• Fruit a ribbed, oblongoid, tuberculate capsule, 6-16 mm × 5-12 mm, greyish-green to brown at maturity, many-seeded, with persistent stigmas.
  • Seed 3(-4)-sided, obpyramidal, 3 mm × 1.5-2 mm, rugose-tuberculate, dark black, with a carrot-like smell; embryo minute, embedded in copious, fatty endosperm.

Growth and development

Germination is epigeal. In temperate climates black cumin starts flowering about 100 days after sowing and seed reaches maturity 50 days later. In warmer climates, flowering may start 8-10 weeks after germination. Flowering is protandrous and pollination is believed to be mainly by insects. In older flowers the stigmas bend down and self-pollination may occur.

Other botanical information

N. sativa is a rather variable species but quite easily distinguishable from the other 13 species in the genus because of its blue, petaloid sepals, not involucrate flowers, three-sided seeds, tuberculate capsular fruits with carpels united to apex. Some subdivisions into forms or varieties have been made on the basis of seed colour, branching habit and hairiness, but these have no practical value. Sometimes a botanical division between wild and cultivated taxa is proposed, in which the wild plants are more hairy with smaller flowers and more tuberculate fruits. A cultivar classification would be appropriate for the cultivated plants, but as far as is known, no such system exists.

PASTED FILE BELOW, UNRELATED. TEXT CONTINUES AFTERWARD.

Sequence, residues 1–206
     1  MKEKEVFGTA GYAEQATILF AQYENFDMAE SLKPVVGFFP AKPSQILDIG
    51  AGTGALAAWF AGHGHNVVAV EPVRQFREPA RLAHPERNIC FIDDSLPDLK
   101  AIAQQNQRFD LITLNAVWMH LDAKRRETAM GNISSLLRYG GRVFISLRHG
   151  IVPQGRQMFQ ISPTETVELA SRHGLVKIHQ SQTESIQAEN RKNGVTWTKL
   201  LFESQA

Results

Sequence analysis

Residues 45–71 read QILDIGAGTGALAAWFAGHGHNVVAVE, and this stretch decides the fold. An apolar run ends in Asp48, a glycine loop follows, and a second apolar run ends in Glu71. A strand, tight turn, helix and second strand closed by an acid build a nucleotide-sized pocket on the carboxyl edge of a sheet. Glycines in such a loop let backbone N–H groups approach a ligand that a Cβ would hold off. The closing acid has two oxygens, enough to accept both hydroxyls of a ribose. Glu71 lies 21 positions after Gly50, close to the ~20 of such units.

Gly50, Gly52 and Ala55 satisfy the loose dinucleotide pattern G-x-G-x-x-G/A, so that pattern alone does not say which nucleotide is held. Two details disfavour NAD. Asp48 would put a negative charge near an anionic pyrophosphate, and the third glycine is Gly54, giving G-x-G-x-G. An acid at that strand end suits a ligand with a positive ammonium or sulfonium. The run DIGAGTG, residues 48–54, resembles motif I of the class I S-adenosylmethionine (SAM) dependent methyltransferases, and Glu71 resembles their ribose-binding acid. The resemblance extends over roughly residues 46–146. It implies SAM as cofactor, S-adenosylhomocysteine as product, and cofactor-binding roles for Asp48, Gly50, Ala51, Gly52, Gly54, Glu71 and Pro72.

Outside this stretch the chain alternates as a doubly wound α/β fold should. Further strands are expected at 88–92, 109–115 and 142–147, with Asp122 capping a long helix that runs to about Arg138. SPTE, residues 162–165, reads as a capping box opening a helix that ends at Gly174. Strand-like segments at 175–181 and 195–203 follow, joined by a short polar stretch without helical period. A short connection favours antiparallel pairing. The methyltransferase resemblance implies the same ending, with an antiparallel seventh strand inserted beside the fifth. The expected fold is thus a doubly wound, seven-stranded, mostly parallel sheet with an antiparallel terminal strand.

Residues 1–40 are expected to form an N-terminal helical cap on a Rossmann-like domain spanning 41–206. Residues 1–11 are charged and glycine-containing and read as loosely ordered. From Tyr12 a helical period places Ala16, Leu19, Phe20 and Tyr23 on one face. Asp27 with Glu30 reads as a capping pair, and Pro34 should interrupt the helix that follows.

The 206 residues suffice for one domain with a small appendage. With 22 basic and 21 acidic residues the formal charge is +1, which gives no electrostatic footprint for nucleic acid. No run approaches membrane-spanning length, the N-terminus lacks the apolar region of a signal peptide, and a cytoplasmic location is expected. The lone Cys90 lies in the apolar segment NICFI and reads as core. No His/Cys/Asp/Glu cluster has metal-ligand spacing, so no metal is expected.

In the literature there is much confusion about the vernacular names that are used for N. sativa. "Black cumin” is also used for seeds of the cultivar "Black” of cumin (Cuminum cyminum L.) and for the seeds of Bunium persicum (Boiss.) B. Fedtsch. from the Middle East which are also used as a condiment. The appellations "small fennel” or "fennel flower” (alluding to the finely cut leaves) could lead to confusion with true fennel, Foeniculum vulgare Miller. "Love-in-a-mist” usually refers to the ornamental species such as Nigella damascena L., originating from southern Europe and cultivated worldwide for its attractive blue flowers which are surrounded by an involucre of green leaf lobes; the seeds (also black) are not usually used as a condiment.